Posted: 01. Apr, 2014
By Laurent Barnard – Gallows
Norway is the future. Every online survey informs us that Scandinavia boasts the highest standard of living in the world, and as a regular visitor to these cool Norwegian shores I assure you this is very true. The prospect of being paid a greater salary while working less hours may seem unattainable in London but for my friends in Oslo it’s the basis of employment (and with a longer holiday thrown in).
There is a school system in place that ensures most students enter higher education resulting in a highly intelligent workforce that exceeds most other countries. Health care is provided free of charge with generous investments subsidising growth in state-of-the-art hospitals. The maternal nature of Mother Norway even extends to the lengthy leave afforded to new parents.
Just open your windows and look outside! The majestic landscape inspires an all-round healthy lifestyle, be it the inviting waters of the fjords in the summer or skiing in the mountains come wintertime. I would go so far as to say being born in Norway gives you a head start in life. Yes, the country is a haven but before my first flight across the North Sea had even landed I was already attracted to the Norwegians and not for their sociopolitical benefits.
JR Ewing – epitome of cool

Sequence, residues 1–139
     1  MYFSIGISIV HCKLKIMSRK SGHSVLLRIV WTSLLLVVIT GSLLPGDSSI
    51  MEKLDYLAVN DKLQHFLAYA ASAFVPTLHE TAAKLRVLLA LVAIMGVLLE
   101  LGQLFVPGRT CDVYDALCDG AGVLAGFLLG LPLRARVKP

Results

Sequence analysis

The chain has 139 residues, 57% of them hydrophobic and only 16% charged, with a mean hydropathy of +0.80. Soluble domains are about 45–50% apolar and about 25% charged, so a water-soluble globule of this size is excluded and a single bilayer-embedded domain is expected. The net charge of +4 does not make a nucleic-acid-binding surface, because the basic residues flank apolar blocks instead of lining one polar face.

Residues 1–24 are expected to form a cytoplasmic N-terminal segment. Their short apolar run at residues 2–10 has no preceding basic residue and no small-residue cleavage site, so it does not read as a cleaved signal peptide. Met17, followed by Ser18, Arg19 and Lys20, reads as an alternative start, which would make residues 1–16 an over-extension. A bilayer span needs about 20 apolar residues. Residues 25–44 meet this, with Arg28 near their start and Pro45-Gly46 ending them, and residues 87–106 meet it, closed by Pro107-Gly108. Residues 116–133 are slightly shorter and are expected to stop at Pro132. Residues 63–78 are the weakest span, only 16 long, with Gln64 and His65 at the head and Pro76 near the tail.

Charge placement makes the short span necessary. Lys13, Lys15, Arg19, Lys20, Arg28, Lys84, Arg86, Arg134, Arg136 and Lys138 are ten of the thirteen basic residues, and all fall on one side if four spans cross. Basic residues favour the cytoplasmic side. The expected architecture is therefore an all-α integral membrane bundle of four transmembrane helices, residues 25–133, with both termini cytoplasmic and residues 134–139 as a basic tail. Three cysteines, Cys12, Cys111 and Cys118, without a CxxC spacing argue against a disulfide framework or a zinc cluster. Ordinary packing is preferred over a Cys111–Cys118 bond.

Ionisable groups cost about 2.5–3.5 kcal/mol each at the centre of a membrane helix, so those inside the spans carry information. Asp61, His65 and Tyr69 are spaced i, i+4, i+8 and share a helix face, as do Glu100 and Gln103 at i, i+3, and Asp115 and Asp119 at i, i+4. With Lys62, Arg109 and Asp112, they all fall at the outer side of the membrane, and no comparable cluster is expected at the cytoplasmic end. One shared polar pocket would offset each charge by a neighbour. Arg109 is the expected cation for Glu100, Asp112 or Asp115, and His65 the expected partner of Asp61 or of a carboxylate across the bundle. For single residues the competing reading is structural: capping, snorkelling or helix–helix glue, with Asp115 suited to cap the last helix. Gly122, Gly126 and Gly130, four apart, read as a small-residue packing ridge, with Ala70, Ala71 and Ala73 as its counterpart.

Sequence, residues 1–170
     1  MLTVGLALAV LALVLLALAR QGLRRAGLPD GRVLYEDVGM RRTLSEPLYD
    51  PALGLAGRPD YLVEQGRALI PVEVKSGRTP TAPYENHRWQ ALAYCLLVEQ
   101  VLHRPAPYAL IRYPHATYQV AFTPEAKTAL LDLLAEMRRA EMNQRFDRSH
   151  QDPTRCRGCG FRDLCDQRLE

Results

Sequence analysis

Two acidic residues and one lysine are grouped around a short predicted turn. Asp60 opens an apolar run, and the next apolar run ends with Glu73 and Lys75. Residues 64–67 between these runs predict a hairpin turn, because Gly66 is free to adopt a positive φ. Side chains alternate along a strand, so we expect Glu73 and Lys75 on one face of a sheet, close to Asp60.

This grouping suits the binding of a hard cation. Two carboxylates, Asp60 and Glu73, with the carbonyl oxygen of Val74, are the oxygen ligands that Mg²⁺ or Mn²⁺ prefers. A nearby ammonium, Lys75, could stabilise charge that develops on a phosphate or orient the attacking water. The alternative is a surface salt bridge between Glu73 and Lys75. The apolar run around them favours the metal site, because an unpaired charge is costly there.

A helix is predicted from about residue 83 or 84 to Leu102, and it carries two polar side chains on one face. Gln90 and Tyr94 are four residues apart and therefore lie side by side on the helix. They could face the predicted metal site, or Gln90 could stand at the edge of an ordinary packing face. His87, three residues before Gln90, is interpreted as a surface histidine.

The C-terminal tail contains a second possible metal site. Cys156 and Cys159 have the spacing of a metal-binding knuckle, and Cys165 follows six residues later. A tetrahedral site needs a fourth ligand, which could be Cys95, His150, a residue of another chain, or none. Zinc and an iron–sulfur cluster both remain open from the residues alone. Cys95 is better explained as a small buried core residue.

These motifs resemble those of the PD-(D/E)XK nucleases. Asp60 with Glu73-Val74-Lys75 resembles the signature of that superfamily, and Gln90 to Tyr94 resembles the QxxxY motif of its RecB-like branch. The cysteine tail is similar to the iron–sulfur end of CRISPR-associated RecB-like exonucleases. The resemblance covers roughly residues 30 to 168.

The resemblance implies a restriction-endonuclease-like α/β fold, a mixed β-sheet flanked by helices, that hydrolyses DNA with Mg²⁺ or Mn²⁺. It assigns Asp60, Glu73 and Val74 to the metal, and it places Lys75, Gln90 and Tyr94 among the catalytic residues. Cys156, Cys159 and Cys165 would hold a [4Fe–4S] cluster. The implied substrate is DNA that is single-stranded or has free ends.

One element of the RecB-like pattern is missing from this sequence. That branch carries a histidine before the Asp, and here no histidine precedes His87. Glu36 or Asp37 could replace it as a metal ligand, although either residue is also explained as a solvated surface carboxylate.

Towards the end of 2004 I set about starting a new musical project after obsessing over the album “Ride Paranoia” by Oslo band JR Ewing, a record that I considered to be flying under the radar. Despite only an elite few making themselves known as fans it represented the artistic values and musicianship on which I planned to base my own new and as yet, unnamed group. For me JR Ewing were the epitome of “cool” and if you understood their music then it didn’t matter how good you were as a musician, you were destined to join my band. But why did we look overseas for inspiration when Britain is so widely recognised for introducing the world to legendary bands such as the Sex Pistols and The Clash? The truth is that when it comes to punk and hardcore Scandinavia delivers with effortless swagger. JR Ewing produced this misshaped aggressive noise and fashioned it into a glorious, hammering wall of sound. In 2005, Gallows was born and we’re still fortunate to create the music we love today.
To an outside observer it’s apparent Norway shapes artists that ooze individuality, scream confidence and bleed charisma. If your desire is to stay in vogue then look north to a culture whose innate progressive attitude paves the way for artistic expression and does so with an understated modesty. The whole charm of the Norwegian music scene is its courage to run the show their way and in doing so you either jump on board and enjoy the ride or stand to the side looking perplexed. We are never force-fed the current trends outside English speaking territories so when invited to look beyond mainstream press I grab every opportunity I can.
Norway suits my musical palette. What we have here is art for art’s sake, not for fame or for money. As a result there are emerging artists who are fearless and respected, pioneers in a land where major labels no longer dictate how we choose to explore new sounds. These new acts grow organically with tastemakers latching on to the excitement generated. Just look at the international success of Stavanger’s Kvelertak, a band that play a crossover of black metal, hard rock and punk with all lyrics howled in Norwegian. Overseas they have established themselves as a successful touring act and back in their home country they have rightly been awarded various accolades for their efforts.